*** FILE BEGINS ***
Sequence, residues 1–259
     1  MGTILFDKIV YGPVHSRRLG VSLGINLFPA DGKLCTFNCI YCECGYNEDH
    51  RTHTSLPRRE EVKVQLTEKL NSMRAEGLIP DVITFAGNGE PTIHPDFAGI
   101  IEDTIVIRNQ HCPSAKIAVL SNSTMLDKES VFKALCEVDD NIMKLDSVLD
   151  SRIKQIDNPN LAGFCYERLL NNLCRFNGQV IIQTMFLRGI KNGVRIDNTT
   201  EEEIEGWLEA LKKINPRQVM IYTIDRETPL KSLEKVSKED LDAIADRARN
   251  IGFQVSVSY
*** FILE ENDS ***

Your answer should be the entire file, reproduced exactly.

Sequence, residues 1–259
     1  MGTILFDKIV YGPVHSRRLG VSLGINLFPA DGKLCTFNCI YCECGYNEDH
    51  RTHTSLPRRE EVKVQLTEKL NSMRAEGLIP DVITFAGNGE PTIHPDFAGI
   101  IEDTIVIRNQ HCPSAKIAVL SNSTMLDKES VFKALCEVDD NIMKLDSVLD
   151  SRIKQIDNPN LAGFCYERLL NNLCRFNGQV IIQTMFLRGI KNGVRIDNTT
   201  EEEIEGWLEA LKKINPRQVM IYTIDRETPL KSLEKVSKED LDAIADRARN
   251  IGFQVSVSY